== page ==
Amateur radio operators test equipment during annual Field Day

Amateur radio testing

WESTLAKE, LA (KPLC) - Many people might know HAM radios- or amateur radios- as one of the oldest forms of communication.

"It's the earliest form of communication and we're still using it" said Vice President of the GARS Radio Club in Lake Charles, Don Davant.  "When everything else fails all your modern communication of Internet and cell phones are shut down, we still have the capabilities to still individually carrying on" he said.

Not to be confused with police or CB radios, HAM radios can reach long distances, providing operators the chance to communicate with people internationally.

"It's a fun activity.  "You can meet lots and lots of folks all over the world" said Veteran HAM operator, George Carr.   "I've talked to Antarctica, I've talked to the Space Station... I've talked to Iraq a week or so ago" he added.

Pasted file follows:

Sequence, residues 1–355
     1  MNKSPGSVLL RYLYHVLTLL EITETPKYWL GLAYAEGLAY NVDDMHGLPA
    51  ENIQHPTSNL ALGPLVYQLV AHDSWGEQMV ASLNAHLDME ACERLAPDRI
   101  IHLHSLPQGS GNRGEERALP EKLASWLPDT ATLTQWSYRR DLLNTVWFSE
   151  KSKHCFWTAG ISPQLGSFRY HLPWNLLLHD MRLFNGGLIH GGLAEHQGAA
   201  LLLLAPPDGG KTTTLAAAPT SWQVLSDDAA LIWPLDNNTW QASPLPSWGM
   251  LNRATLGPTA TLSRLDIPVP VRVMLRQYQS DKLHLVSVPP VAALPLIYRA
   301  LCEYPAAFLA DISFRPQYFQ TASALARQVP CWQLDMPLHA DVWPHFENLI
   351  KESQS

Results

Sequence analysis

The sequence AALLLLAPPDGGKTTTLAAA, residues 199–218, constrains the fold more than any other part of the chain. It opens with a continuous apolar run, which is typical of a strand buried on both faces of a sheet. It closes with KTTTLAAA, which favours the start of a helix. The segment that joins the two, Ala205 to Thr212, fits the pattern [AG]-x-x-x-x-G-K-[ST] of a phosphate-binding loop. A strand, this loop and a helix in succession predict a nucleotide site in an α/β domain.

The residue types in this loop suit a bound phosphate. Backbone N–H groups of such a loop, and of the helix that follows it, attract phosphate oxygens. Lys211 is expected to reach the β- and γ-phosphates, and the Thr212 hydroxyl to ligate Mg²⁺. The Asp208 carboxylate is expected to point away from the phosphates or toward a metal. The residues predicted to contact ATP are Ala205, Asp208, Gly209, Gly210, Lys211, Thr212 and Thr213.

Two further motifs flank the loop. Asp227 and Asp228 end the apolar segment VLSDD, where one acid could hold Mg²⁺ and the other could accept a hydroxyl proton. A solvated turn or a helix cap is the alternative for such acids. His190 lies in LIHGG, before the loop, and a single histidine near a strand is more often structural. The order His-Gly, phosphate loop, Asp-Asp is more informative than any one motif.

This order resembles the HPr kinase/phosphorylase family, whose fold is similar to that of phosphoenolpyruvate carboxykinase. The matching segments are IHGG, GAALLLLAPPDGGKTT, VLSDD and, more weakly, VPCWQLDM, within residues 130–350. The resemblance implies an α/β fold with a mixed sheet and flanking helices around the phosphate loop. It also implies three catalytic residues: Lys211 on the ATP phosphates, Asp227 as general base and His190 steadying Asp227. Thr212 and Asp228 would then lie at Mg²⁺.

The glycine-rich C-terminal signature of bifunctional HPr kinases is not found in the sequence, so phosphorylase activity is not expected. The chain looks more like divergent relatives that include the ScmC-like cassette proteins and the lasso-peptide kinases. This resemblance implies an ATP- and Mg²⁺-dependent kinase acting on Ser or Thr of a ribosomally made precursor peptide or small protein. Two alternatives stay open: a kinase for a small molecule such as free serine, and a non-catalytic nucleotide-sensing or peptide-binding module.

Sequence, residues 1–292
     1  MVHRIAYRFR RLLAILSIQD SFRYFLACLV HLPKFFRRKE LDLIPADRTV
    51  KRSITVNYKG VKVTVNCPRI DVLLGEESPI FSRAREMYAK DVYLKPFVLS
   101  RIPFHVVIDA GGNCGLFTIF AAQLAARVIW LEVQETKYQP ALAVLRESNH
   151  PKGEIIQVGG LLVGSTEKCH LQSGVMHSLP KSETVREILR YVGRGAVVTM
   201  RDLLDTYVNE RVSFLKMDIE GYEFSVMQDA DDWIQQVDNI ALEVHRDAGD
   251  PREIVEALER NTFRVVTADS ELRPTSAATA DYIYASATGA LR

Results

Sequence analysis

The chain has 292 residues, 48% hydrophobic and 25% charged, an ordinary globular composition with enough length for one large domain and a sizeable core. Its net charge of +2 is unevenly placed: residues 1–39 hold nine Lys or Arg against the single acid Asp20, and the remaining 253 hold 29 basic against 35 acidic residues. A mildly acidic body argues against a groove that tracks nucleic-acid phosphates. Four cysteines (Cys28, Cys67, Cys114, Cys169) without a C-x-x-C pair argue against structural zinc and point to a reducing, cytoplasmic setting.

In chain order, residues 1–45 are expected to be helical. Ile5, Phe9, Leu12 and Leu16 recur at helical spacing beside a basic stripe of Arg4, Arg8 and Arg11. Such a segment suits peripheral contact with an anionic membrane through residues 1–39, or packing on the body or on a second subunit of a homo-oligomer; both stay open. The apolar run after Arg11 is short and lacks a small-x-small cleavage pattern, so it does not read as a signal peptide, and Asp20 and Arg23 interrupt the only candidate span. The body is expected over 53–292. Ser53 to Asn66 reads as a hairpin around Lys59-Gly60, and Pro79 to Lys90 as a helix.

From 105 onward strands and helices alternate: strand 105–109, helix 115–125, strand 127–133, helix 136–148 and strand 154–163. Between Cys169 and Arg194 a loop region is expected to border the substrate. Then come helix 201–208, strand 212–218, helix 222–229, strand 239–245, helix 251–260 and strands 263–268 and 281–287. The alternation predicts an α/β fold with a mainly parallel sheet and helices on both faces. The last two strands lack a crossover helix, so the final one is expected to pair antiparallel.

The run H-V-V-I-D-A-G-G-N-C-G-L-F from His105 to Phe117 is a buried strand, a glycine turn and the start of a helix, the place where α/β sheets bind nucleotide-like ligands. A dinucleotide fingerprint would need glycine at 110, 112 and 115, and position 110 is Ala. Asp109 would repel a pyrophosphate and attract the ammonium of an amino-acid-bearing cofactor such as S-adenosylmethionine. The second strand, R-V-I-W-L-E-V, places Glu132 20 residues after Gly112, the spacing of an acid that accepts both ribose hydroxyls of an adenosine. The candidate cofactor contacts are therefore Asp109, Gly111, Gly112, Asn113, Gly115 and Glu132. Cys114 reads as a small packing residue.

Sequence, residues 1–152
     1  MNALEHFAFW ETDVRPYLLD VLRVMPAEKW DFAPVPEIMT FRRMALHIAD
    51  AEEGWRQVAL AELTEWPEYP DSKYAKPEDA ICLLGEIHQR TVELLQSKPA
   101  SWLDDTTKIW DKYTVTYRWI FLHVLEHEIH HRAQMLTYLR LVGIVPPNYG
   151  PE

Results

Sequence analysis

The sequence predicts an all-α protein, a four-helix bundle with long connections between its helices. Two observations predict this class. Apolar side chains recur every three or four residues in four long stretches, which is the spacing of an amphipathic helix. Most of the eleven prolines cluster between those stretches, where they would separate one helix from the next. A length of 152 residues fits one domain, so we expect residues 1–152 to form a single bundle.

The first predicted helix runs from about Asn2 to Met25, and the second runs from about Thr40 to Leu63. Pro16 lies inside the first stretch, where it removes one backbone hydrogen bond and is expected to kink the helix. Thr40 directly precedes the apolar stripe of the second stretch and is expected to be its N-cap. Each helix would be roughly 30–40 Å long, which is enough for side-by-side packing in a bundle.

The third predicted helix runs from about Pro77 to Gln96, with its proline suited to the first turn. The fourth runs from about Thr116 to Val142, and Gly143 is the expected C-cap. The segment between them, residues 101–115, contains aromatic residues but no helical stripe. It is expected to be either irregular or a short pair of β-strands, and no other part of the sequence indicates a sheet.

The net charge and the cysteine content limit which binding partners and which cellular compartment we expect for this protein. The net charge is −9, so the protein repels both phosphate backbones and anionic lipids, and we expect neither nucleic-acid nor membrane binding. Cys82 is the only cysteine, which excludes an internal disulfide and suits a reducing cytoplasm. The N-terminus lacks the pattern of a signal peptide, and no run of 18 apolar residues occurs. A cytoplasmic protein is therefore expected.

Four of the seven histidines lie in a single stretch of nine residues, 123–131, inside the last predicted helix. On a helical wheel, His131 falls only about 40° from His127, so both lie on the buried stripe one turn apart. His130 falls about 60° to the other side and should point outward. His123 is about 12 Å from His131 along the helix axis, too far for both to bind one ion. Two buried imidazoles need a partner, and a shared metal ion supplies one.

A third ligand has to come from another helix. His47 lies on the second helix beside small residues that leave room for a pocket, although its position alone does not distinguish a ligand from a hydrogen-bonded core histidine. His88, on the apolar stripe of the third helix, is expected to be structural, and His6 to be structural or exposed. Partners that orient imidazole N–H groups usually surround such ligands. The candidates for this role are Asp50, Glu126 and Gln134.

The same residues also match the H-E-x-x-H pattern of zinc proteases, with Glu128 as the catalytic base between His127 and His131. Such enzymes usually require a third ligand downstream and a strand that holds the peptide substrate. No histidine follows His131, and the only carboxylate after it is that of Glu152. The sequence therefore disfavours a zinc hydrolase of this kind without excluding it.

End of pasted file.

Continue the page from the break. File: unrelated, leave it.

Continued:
But it's not all fun and games all of the time.  HAM operators, like the ones that work out of the GARS amateur radio club in Lake Charles, realize their responsibility to the public as well.

"It's entertainment for us but it's service also" said Lucky Young, Veteran HAM operator.  "We are a service organization" he said.

Young has been a HAM operator for decades, but remembers his experience during hurricane Rita the most.

"There were eight of us who worked around the clock the whole period" he remembers.  "The armed forces and the police moved up to Dequincy and places like that and we stayed here and passed traffic for people around here" said Young.

That commitment to service is what keeps the operators going and is why they test their worldwide emergency equipment once a year during a field day.  During the testing, radio operators try to connect with as many stations in the United States and Canada using these radio systems.

"We make as many contacts as we can" said Davant.  "We have a 24-hour period... We have three stations running and we're making contact out of all the equipment" said Davant.

Over the 24-hour period more than 70 Lake area operators are expected to come test equipment and get their chance to communicate with other operators around country.  Contact is simple, with call letters being read and operators confirming they've received the call.  Then, it's on to the next one.

"We make sure we have all the communication to go through and so when we need it, it's there".

Operators will wrap up their annual testing field day Sunday at around 1 PM.

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